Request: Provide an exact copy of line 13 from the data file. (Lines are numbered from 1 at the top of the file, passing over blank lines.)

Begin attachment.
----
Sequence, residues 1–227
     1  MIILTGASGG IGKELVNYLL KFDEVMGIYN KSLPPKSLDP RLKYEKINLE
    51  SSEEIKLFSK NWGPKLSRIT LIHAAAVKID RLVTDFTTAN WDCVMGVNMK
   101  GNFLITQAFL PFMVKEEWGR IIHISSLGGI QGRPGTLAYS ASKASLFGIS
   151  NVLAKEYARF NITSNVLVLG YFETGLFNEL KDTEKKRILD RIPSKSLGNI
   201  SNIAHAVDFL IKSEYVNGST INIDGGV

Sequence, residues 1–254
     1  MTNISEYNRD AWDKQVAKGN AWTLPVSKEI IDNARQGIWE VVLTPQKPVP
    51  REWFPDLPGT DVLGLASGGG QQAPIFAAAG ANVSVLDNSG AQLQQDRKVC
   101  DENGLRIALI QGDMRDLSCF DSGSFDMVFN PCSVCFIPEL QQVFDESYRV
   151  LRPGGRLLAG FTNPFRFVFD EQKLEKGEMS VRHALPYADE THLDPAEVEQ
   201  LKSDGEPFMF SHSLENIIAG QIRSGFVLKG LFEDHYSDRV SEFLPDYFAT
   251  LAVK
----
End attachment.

   251  LAVK